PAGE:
The rise of eCommerce has been one of the most significant advantages of our contemporary business landscape. Consumers are attracted to its convenience; they don’t have to leave their homes, and the range of products available online tends to be more varied than those available in high street stores. One survey found that men are more likely to buy clothes online than in-store. Online shopping also tends to be one of the most accessible types of business for entrepreneurs. For all this ease and convenience, it’s not without some key challenges. In eCommerce, a primary concern is web design.
Just as a high street proprietor needs to impress visitors with store layout, eCommerce websites must offer a great online environment to consumers. This is where web design is crucial in the success or failure of an online business. When there are elements of the website that visitors find difficult or ugly, they click away, knowing that they’ll be likely to find a similar product elsewhere. From visual branding to user interface (UI), even the checkout, eCommerce entrepreneurs need to apply significant consideration.
Let’s take a look at some aspects of web design you should be focusing on. What tools and strategies can make things easier and more effective?
Keeping it Simple
Simplicity really is important when it comes to eCommerce web design. Whether you’re just beginning a business or undertaking a redesign, you have to consider how you can make the process less complicated for the consumer. Focus today is increasingly being placed upon user experience (UX) — how a visitor feels about and responds to their time on your website.
The best way to approach this from a design perspective is to aim for navigation to be intuitive. Don’t introduce menu layouts or UI that they’re unfamiliar with; it’s fine to mimic the patterns and flow that their most visited eCommerce stores adopt. This allows them to be on comfortable footing from the moment they land on your site and allows them to explore what you have on offer.
That doesn’t mean to say that you can’t inject your brand’s unique personality or style into the design. You just need to be smart about where you apply it. You can surprise your customers with simple, useful aspects — unexpected discounts once they’ve added a certain value of items to their basket, an interface to solicit help through a chatbot or popup contact form, mobile optimization. These small, considerate steps can encourage loyalty to your brand and don’t need a lot of complex bells and whistles to make an impact.
Designing to Demographic
In any business, it would be a mistake to begin without trying to understand who your customer is. While we’d all like to believe our product would be popular with everybody, that is both unrealistic and it doesn’t help us to make decisions about our business. The same goes for web design — to offer an effective and positive experience, you need to gain an understanding of how your demographic is likely to use your site.
This is where software development is currently helping us out. Software engineers spend their time analysing the needs of industries and creating applications and programs accordingly. Among the key trends for the field today is big data. As a result, many eCommerce platforms are using engineers to continually improve and update built-in tools that provide entrepreneurs with insights into their consumer base. You can then use these data-driven insights to adapt the direction and priorities of your web design.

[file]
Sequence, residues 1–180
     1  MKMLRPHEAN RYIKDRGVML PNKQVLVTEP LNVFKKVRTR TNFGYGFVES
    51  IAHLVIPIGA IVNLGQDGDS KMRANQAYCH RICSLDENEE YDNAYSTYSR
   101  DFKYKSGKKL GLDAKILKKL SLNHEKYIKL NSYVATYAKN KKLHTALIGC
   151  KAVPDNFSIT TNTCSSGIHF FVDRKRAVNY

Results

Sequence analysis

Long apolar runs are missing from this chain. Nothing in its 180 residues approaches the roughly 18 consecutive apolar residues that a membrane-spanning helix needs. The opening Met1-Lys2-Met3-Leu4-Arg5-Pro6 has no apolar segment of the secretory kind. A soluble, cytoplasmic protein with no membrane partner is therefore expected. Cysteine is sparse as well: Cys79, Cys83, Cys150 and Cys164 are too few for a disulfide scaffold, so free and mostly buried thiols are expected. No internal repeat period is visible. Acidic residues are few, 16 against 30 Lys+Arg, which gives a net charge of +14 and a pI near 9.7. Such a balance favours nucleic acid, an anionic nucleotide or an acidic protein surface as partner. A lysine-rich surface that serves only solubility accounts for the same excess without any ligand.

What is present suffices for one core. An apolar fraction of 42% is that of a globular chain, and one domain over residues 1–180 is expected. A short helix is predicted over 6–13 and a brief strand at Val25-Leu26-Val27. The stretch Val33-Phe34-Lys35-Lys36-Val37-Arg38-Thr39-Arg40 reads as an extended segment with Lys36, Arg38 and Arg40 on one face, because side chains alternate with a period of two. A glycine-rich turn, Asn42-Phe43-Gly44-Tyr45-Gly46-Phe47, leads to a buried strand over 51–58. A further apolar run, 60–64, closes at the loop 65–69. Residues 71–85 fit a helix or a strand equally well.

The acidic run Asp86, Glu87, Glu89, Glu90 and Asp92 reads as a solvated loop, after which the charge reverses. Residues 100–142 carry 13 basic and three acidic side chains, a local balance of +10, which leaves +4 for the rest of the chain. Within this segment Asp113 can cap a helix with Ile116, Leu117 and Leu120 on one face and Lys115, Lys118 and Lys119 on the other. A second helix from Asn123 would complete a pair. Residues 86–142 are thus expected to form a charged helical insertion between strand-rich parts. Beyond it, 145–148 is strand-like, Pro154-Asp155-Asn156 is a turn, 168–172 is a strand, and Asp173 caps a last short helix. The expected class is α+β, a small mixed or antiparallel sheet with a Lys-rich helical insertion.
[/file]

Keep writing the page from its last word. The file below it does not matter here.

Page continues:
Your design should include:
• Making note of pages at which customers are clicking away from your store. This suggests that there is something about the page that consumers find to be a hurdle or just too risky to engage with.
• Featuring popular products for specific age groups or locations. You can then personalise your home page or offers with relevant product suggestions.
• Consideration of age range. This can give you a sense of priorities for your demographic. If, like Boomers, they value honesty and peer opinion, include trust signals as a key feature of your design — reviews, credit card logos, security FAQs.
Integration with Marketing
In eCommerce, your website is likely to function primarily as your store. However, you can make it work much harder as a tool for the overall success of your business. You’ll be getting more out of your web design if you also plan to integrate it as part of your marketing efforts.
Create separate spaces that can serve the different needs of your customers, or can act as a draw for varying demographics. While all your products might be suitable for various generations of customers, your marketing approach won’t be right for everyone. Segmentation marketing involves creating different pages or content that targets each specific group. Tailor areas that provide deals for customers in different geographical areas and create resources that show products most suitable for certain age groups. Make shortened URLs for these pages and send them to the relevant members on your email marketing list or social media.
It’s also vital that you use your website to produce quality content. In an industry that is awash with competitors, hosting engaging blog posts, videos, or even a podcast can help to attract your audience and cement your expertise in your market. Make certain that everything from blog pages to product descriptions are search engine optimised (SEO). Arrange text and images to achieve a balance in your content to make pleasant to read, and more likely to be shared.
eCommerce continues to be a rising market. However, to cut through the noise of competitors, and retain customers, you need to focus on your web design. By gaining a deeper understanding of your customers, prioritising simplicity, and taking a multi-purpose approach you can get the most out of your online space.